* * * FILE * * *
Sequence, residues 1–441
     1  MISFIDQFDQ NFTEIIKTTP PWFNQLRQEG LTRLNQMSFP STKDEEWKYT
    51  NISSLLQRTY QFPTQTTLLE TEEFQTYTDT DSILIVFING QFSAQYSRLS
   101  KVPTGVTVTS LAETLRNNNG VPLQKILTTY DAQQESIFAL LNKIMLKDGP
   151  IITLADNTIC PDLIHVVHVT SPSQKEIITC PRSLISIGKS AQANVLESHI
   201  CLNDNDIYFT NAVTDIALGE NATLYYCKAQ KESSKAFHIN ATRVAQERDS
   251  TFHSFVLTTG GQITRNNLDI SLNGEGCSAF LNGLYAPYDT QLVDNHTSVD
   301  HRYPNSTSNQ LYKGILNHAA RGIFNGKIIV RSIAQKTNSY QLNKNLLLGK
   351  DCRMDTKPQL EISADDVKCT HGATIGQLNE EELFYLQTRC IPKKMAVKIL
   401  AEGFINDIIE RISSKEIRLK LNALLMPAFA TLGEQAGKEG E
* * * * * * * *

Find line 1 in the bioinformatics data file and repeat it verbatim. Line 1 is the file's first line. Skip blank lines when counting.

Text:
Sequence, residues 1–441